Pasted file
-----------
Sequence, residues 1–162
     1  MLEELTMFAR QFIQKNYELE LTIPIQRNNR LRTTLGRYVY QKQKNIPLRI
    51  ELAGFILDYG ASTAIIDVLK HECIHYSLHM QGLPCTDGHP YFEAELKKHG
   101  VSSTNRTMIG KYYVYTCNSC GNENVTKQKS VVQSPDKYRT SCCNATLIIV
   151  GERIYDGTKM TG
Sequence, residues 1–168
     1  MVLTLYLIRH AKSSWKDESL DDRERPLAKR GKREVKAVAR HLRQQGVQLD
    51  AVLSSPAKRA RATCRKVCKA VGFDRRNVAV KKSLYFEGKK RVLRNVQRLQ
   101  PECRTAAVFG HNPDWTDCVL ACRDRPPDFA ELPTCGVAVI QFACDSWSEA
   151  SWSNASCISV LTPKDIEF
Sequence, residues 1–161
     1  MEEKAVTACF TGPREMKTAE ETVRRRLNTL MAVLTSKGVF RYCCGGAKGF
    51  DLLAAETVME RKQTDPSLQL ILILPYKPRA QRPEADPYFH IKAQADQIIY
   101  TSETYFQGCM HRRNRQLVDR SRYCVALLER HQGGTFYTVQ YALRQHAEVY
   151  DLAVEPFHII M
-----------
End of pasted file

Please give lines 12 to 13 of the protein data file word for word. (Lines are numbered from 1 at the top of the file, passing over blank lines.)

     1  MEEKAVTACF TGPREMKTAE ETVRRRLNTL MAVLTSKGVF RYCCGGAKGF
    51  DLLAAETVME RKQTDPSLQL ILILPYKPRA QRPEADPYFH IKAQADQIIY